Here at Tech of the Hub, we’ve looked at streaming boxes from Roku, Apple, Sony, Netgear and Boxee. Of the popular streaming boxes on the market, the WD TV Live was the one box I had not used in depth until now. The folks at Western Digital were kind enough to lend a WD TV Live to Tech of the Hub. Keep reading on how to enter our giveaway for the WD TV Live as well as our unboxing video (with a view of the UI). Overall, the WD TV Live is a good value and occupies an important niche among streaming players.
High level, the WD TV Live differentiates itself as a local streaming box. It can attach to local file shares, network attached storage or USB connected devices to stream video, photos or music. I connected it to my Netgear ReadyNAS via DLNA and was able to stream a variety of content from my TiVo (thanks to iTiVo) and content generated from Handbrake. It can also connect directly to Windows file shares. The WD TV Live and its sibling the WD TV Live Hub (which includes a 1 TB drive) support a wide variety of video codecs. I found its DLNA client had no problem streaming surround sound (the DLNA client on my Panasonic BDT-220 Blu-Ray player can’t handle surround sound). I still ran into a few videos I couldn’t play on the WD TV Live but it could handle most formats. While a regular computer offers the widest variety of codec support, the WD TV Live is a champ among streaming boxes. It’s also one of the few boxes that supports Dolby True HD (important for watching ripped Blu-rays).
From a hardware point of view, it’s a plain black box with a similar look to both the Roku and Apple TV. The WD TV Live has an optical audo port for older receivers without HDMI. For network connectivity, you can either connect over wireless or through the wired ethernet port in the back. It also conveniently has USB ports on both the front and back. The remote control is easy to use and fits well in the hand.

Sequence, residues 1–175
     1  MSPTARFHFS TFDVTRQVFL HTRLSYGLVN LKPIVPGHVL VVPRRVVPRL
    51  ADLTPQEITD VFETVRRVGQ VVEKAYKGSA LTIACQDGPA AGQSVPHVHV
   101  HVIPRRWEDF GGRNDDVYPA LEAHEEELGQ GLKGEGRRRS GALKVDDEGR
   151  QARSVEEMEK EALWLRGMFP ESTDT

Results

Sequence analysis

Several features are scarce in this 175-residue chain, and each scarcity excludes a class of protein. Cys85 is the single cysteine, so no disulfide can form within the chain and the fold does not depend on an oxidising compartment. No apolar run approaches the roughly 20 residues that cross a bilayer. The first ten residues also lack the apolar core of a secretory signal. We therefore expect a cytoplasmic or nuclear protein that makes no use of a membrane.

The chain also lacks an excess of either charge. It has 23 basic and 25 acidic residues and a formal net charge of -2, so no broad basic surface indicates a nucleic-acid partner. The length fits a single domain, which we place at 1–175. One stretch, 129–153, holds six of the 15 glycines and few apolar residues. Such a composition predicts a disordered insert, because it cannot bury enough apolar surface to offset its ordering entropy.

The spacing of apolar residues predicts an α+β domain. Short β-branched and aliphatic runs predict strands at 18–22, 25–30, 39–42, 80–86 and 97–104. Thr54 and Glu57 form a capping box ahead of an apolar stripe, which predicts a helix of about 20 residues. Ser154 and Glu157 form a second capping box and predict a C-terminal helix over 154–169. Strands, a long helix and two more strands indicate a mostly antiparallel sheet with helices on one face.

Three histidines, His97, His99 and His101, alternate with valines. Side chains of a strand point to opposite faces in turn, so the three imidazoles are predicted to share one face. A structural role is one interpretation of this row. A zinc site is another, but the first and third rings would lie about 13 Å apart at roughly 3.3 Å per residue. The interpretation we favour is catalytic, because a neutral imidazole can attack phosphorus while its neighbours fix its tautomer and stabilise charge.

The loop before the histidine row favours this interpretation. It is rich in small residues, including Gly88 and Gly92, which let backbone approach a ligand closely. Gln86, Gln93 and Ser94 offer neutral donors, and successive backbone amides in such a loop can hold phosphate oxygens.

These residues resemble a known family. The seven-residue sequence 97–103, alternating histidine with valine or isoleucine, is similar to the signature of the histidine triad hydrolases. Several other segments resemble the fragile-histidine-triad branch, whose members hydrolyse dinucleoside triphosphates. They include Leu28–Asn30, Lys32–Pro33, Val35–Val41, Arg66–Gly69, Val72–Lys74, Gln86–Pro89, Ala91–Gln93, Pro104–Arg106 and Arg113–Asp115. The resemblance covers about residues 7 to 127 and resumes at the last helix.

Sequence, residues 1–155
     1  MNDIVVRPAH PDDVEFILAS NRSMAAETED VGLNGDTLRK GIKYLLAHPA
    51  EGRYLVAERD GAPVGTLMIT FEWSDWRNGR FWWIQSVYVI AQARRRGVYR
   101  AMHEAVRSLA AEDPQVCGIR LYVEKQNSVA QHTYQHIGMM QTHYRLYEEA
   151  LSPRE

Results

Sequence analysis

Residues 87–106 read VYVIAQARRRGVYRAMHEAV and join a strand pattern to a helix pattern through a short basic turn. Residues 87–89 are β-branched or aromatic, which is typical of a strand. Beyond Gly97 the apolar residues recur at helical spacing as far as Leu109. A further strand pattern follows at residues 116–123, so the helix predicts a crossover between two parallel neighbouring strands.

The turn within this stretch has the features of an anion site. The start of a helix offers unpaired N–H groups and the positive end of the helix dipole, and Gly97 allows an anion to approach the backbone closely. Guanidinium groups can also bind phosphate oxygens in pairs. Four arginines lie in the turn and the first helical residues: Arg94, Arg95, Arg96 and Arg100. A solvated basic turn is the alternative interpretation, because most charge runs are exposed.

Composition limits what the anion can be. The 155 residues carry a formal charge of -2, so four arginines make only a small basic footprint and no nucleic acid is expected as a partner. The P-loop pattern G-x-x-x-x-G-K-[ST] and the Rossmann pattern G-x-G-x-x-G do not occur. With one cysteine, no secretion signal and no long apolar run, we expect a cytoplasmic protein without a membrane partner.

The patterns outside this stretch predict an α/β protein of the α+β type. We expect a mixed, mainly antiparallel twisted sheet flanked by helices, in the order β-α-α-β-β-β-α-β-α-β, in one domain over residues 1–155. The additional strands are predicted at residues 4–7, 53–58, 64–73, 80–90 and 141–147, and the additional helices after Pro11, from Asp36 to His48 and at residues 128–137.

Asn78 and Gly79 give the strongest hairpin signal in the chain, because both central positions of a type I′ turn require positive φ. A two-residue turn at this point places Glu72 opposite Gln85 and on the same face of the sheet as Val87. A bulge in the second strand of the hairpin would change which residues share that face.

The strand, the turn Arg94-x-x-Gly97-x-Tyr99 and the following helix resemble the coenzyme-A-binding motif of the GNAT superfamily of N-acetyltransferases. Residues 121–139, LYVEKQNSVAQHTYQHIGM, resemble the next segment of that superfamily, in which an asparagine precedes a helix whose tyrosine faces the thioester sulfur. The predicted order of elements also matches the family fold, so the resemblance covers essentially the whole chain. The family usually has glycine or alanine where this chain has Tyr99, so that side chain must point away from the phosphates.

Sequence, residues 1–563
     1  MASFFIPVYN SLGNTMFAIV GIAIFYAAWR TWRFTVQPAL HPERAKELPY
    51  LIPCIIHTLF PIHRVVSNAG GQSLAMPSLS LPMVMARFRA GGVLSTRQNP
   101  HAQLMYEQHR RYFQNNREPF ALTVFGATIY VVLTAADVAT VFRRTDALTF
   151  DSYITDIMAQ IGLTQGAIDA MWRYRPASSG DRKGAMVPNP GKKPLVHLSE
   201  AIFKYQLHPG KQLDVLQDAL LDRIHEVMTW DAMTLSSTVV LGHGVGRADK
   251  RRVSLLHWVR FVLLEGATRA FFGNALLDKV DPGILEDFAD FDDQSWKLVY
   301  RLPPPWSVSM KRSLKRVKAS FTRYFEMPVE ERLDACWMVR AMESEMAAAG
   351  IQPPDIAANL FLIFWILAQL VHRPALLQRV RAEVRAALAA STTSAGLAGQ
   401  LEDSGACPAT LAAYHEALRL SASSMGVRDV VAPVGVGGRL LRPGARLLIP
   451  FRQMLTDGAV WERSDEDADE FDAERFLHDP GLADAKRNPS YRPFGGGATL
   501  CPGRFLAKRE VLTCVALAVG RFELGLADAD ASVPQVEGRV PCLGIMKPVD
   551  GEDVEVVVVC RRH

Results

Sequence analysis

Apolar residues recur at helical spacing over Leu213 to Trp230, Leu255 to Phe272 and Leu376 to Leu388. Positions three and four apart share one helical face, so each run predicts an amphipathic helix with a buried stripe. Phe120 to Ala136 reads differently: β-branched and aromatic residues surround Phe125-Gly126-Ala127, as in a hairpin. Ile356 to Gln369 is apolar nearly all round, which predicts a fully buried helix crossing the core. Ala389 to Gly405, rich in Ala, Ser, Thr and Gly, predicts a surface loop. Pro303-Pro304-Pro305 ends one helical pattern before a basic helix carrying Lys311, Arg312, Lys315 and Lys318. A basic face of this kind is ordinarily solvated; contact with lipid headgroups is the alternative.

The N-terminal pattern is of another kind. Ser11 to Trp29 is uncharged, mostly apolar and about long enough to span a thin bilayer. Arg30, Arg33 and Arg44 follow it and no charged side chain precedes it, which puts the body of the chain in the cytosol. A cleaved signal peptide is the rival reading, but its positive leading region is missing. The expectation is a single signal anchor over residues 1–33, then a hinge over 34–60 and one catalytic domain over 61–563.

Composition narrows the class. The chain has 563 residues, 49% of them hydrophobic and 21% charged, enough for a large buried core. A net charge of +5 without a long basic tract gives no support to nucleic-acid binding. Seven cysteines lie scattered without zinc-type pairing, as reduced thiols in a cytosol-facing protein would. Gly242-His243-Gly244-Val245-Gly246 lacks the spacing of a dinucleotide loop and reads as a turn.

While the box has a good selection of streaming services including Netflix, VUDU, MLB.TV, Pandora, Spotify, YouTube and Hulu Plus, there’s the notable absence of Amazon Instant Video and HBO GO. No word from WD if there are plans to add them or other streaming services in the future. The WD TV Live was one of the first Netflix devices to support 1080P and Dolby Digital after the Playstation3. It shares the same HTML5-based user interface used by many other Netflix devices. The Netflix start-up time is better than most devices at 15 to 20 seconds. Finally, users have reported that the WD TV Live supports Netflix’s new Super HD video format.
The WD TV has some other neat features too such as the ability to act as a Slingbox client. The WD also recently gained the ability to watch live TV via a Hauppauge TV tuners and Skitter TV’s service. There are features too such as some simple games and the ability to read RSS feeds. The RSS feature works well with some sites such as Engadget but I’ve had trouble with others.
Overall, I really like the WD TV Live. If you just need a box to stream Netflix, you’re probably better off with a Roku. However, if you have a large amount of content on a hard disk or server that you would like to stream into the living room, the WD TV Live is the streaming box for you. It’s nice that you can stream content from a file share without loading any additional software on your PC. In addition, the WD TV Live has a high quality Netflix client and a number of ways to watch live TV.
To enter the giveway, just leave a comment below (make sure you leave your email address in the form) and we’ll pick a winner at random in in the beginning of March. No purchase is necessary and you must reside in the continental US. Shipping is on us. We would also appreciate if you took the opportunity to follow us on Twitter or on Facebook. Thanks again to the folks at Western Digital for providing the box. If you don’t win, you can always pick up a WD TV Live on Amazon. Happy Streaming!
Update: WD has come out with a new box called the WD TV Play. Coming in at a lower price point, the box is more focused on streaming with a new UI and simplified remote. However, it loses the ability to play MPEG-2 and DTS audio as well as its DLNA server (not client). Our friends at Zatz Not Funny have a review.
Update 2: The winner will be chosen tonight, March 3rd, at 8 PM EST.
Update 3: Congratulations to our winner, Roger Paradis!